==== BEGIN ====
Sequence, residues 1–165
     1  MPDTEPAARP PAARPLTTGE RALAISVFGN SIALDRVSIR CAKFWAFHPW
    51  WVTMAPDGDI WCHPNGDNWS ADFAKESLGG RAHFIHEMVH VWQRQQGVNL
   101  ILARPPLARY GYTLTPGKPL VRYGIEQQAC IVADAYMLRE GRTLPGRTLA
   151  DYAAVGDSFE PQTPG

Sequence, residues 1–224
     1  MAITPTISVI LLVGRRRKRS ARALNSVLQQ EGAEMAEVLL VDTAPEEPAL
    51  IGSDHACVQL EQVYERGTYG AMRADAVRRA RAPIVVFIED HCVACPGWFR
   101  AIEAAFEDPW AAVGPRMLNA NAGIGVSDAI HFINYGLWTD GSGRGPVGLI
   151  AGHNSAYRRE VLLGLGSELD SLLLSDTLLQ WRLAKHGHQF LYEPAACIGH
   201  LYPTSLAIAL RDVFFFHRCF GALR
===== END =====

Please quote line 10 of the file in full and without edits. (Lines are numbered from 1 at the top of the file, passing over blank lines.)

   151  AGHNSAYRRE VLLGLGSELD SLLLSDTLLQ WRLAKHGHQF LYEPAACIGH